Mix of old and new: Landis business owners talk growth

Published 12:00 am Sunday, December 16, 2018

By Liz Moomey
liz.moomey@salisburypost.com

LANDIS — A new barbecue restaurant, shops that are settling in and others that have continued to grow encompass the town of Landis.

There is a buzz: how will the completion of Interstate 85 affect the town, especially in terms of growth?

Blair Phillips of Blair Phillips Photography at 117 South Central Avenue said he has already seen businesses popping up at neighboring China Grove.

“More business will start to come this way,” Phillips said. “You already see it in the town that’s north of us in China Grove. You’re seeing more and more commerce coming.”

Several doors down, Don Peterson opened Little Towne Collectibles, Antiques and Gifts two years ago after going to antique malls. They chose Landis because the buildings were cheap.

“It’s fun,” Peterson said. “You buy the stuff and then sell it. Sometimes you make money. Sometimes you lose money. It is what it is. It’s a give-or-take situation.”

He said he was excited about the growth I-85 will bring, adding he plans on opening an Old Town hardware store. 

New to the area is Blake Simpson, who opened Vintage Pig, a barbecue restaurant at 1013 S. Main Street on Nov. 7.

He said Landis has a lot of potential, but isn’t going to rely on a possibility .

“I’m not about the dollar,” Simpson said. “I’m about having this business open for 30 years. The money will come as long as I do what I’m supposed to do.”

Chuck Freeze of Chuck’s Trains, though, is ready to leave Landis. He said he sees the growth of the highway but doesn’t think it will impact Landis. He plans on moving his business out of Landis in the near future to Davidson County where he lives.

Phillips said the main crutch of Landis in terms of growth is the negativity of some of the citizens.

“The reason why we don’t have the commerce here, in my opinion — it all starts with the society that is here,” Phillips said. “When you have a lot of negative people and you don’t have the support from people in the town, you’re not going to have the growth that you really need or want.”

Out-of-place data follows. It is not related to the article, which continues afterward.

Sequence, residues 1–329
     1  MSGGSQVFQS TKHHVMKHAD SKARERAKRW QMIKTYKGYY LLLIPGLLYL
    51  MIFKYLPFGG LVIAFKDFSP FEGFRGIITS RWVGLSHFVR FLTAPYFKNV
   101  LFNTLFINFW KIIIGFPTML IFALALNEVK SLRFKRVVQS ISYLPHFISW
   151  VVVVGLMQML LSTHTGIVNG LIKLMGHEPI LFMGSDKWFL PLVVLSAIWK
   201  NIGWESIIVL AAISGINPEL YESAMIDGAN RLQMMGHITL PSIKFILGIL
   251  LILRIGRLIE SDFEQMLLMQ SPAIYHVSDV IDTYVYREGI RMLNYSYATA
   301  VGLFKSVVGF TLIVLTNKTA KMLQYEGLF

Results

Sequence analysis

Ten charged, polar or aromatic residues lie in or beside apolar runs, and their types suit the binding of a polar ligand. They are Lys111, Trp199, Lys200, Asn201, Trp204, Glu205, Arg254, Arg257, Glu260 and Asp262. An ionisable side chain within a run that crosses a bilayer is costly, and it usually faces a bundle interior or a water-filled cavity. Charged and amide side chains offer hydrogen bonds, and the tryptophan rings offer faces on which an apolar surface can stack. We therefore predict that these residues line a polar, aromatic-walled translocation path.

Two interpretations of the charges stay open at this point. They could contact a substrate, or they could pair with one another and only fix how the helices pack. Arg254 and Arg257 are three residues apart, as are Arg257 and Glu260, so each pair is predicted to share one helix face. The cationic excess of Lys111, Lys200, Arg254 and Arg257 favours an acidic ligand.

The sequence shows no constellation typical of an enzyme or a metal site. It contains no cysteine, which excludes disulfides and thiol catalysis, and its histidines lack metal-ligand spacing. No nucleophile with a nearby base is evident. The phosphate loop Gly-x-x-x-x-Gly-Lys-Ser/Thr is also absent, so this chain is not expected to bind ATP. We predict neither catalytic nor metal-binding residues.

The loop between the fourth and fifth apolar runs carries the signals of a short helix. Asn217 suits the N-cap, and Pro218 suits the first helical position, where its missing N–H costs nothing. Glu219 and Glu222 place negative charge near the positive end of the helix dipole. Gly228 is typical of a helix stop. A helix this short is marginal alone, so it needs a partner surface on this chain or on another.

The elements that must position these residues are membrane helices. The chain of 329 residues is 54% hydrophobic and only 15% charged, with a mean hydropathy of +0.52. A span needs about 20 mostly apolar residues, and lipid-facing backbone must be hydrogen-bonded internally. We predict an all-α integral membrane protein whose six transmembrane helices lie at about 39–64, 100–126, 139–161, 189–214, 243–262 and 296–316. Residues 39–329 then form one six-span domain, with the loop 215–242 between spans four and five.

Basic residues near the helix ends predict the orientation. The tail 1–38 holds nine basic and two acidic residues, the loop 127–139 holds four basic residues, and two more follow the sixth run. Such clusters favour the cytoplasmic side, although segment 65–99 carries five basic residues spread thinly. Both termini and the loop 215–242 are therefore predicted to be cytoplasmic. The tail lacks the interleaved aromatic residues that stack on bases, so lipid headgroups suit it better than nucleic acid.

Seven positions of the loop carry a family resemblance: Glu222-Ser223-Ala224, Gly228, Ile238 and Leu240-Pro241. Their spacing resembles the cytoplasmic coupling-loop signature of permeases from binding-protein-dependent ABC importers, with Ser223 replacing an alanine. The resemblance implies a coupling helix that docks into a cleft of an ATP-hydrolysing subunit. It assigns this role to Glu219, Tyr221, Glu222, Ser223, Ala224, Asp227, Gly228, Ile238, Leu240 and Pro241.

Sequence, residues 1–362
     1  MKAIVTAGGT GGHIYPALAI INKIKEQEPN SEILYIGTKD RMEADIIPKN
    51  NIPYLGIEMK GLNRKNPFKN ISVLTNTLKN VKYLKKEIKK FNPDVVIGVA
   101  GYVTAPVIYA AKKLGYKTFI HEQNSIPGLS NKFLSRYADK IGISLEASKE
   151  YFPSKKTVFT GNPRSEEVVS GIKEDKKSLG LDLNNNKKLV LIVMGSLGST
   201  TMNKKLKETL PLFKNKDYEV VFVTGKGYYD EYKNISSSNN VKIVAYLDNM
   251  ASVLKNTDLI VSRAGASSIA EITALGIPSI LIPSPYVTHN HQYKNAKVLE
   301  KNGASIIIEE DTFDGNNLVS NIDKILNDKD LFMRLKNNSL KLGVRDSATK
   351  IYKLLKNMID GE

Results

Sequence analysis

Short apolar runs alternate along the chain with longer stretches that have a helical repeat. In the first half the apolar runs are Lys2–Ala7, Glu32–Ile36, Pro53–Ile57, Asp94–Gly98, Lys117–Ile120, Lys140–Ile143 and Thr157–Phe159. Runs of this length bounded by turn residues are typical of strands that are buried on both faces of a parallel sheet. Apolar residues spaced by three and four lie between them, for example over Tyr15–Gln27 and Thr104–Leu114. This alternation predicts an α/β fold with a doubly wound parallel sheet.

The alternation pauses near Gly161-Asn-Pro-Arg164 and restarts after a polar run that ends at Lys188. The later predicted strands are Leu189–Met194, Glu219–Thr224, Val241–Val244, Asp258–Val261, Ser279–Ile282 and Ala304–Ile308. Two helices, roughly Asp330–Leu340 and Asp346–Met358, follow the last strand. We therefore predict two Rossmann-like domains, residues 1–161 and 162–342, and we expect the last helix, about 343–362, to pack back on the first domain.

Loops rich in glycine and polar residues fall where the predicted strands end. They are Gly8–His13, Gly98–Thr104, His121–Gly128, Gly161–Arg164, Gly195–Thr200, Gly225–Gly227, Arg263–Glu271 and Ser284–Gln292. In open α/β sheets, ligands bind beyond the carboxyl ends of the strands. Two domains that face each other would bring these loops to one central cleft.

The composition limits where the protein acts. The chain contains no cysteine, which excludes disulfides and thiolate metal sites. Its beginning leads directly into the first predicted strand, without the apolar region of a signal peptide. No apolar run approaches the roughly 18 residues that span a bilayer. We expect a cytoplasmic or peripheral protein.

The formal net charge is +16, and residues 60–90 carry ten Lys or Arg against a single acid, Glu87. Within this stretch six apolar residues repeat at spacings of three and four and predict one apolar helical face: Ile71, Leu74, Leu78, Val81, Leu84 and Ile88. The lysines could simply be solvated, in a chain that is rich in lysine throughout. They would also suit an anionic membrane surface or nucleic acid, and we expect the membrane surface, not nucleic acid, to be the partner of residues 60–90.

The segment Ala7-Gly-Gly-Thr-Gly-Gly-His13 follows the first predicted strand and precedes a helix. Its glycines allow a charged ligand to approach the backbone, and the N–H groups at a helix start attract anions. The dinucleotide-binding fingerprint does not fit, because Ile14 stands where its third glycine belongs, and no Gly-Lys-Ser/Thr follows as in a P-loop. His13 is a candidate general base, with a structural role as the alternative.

For Simpson, having more customers would help him with ensuring the food is fresh. 

“In the restaurant business, especially where I’m at, portion control is big, because I have to cook my shoulder 16 hours in advance,” Simpson said. “I don’t know exactly what’s going to happen 16 hours before, but the more volume you do it makes it easier on me where quality control is in effect. If I’m busy and run out, everything is fresh all the time.”

He sees having more business as a way to also provide more jobs for Landis.

“Growth would help the town and it would help me give more jobs,” Simpson said.

Adapting to the market is key. For Freeze, he sells 99 percent of his products online, but a store was a necessity.

“I don’t depend on that door,” Freeze said.

Southern Ark Boutique owners Jennifer Meeks and Stephanie Beaver saw an opportunity after noting how expensive boutique clothes were for their children. With $1,000 each, they opened up an online store. Later they opened up their brick-and-mortar store on South Central Avenue.

“People like to come in and just look,” Meeks said. “We have a lot of moms. A lot of them will buy online and then come in the store to pick up, so it’s easier for them because running around with kids is really hard sometimes to shop. We have a large online presence and a large online group, so a lot of our moms get together and they can talk about different styles they want to see, sizing.”

Phillips said photography first began as an interest. Now he has his own studio and shoots school sport portraits in most high schools in Rowan and Cabarrus counties. He also does yearbook portraits and senior photos.

“My wife bought me a professional-grade camera, and I didn’t know a whole lot about it, but I went and took pictures. I would take them to the drug store lab and get them processed and I will never forget the defining moment in mind. The lady processing said ‘Come here a minute. Bring those back in here.’ I turned and was like ‘What’s wrong?’ I hadn’t opened them yet. She said, ‘those are some of the best pictures I have ever seen come through here.’ At the time, I was thinking ‘Wow that’s amazing.’ To sit back and really think about it, this drug store lab was probably not very hard to impress that lady with some good pictures.”

Simpson said he wants to settle into Landis and says that can be done with consistency.

“I want to be here for a long time,” Simpson said. “Again, I’m only 32 so I’d love to do it for a long time. The biggest thing that I like is consistency, customer service and of course the food quality, but I think consistency is a very big thing. I will be in here, in the trenches making sure that we can produce consistency, which is consistently a good product at a low price with good service.”

Assistant town manager Brandon Linn, who also is the planning and development administrator of Landis, had a message to the business owners in Landis: Just be patient, growth is coming.

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